WSU Cougar Head Logo Washington State University
Veterinary Teaching Hospital

The Pharmacokinetic of Capecitabine in Cancer-Bearing Dogs, Part 2

Purpose of Study

Canine malignant cancers are a devastating reality to many dog owners. Treatment options are often limited by pet behavior, owner finances and time commitments, and availability of veterinarians who can safely administer chemotherapy. Oral chemotherapy has become increasingly popular because it often costs less than injectable chemotherapy and can be given in the comfort of the patient’s home.

Capecitabine is a well-tolerated, oral chemotherapy drug used in humans for a wide variety of carcinomas including breast cancer, colorectal cancer and head and neck carcinomas. This chemotherapy drug has a short half-life in humans, allowing for quick dose adjustments if side effects are noted. During the first part of this study, we measured the levels of capecitabine in the blood after a single dose was given and looked at how well dogs tolerated the drug. All five enrolled dogs with advanced tumors tolerated capecitabine well and two had stable disease while on this chemotherapy drug.

The purpose of this second part of the study is to learn more about tumor response to capecitabine in a larger number of dogs. We hope that this study may provide support for the use of oral capecitabine chemotherapy in dogs with carcinomas.

Benefits

Once your dog is enrolled, this study covers the cost for 28 days of capecitabine, study-related oncology recheck examinations, and study-related lab work and imaging (if imaging is deemed necessary for tumor measurement). If your dog tolerates capecitabine well, you have the option of continuing this drug outside of the study, at your own expense, and under the supervision of your WSU Veterinary Oncologist.

It is possible that your dog’s carcinoma will not respond to treatment with capecitabine, however your dog’s participation in this study will help us explore which types of carcinomas are most responsive to this oral chemotherapy drug.

Enrollment Requirements

This study is being conducted dogs that have been diagnosed with a carcinoma. Dogs may be of any age, breed and gender. To be eligible for this study, dogs must have an appointment with the Oncology Service at the WSU Veterinary Teaching Hospital (WSU VTH) for confirmation/diagnosis of their disease and possible treatment. Dogs enrolled in this study must have a CBC and Serum Chemistry within 2 weeks of enrollment, more than 2,800 neutrophils, and no evidence of any other major disease that would result in a life expectancy of one week or less.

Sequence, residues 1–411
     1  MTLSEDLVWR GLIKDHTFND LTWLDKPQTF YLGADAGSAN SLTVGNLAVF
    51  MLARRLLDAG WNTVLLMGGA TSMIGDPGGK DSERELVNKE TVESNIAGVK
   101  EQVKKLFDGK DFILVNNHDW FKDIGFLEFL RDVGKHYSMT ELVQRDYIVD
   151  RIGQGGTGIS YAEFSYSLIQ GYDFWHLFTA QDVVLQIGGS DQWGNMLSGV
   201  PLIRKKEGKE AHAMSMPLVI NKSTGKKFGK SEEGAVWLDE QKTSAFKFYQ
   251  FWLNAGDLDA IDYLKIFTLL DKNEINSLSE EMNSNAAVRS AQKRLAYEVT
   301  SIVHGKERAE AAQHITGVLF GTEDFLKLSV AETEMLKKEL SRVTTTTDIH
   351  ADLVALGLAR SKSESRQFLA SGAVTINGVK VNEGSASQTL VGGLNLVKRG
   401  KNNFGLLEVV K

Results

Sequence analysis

Treatment Methods

This study involves giving oral chemotherapy, on a set schedule, to your dog at home and 2-3 visits to the WSU Veterinary Teaching Hospital: the baseline day, rest-period blood work, and the final study day.

Baseline Day: Once enrolled in the study, if your dog does not have current blood work, blood will be drawn for a complete blood count (CBC) and serum chemistry. We will record measurements of your dog’s tumor, which may require imaging (X-ray, ultrasound, CT) and do a quick test to look at your dog’s eyes. Your dog will be sent home with 28 days of capecitabine, instructions, and a daily health log.

Capecitabine Administration Period: At home, you will give your dog capecitabine for 14 consecutive days. Days 15-21 you will NOT give capecitabine to your dog. During this period, we highly recommend that your dog has a CBC and examination. This can be done with your regular veterinarian or at the WSU VTH (if done at the VTH, the study will pay for associated charges). After the 7-day rest period, you will give your dog capecitabine for another 14 consecutive days.

Final Study Day: Within 3 days of the last dose of capecitabine, your dog will return to the WSU VTH for a physical exam, eye exam, recheck blood work and tumor measurement. After this appointment, your dog’s study enrollment will be completed.

Owner Responsibilities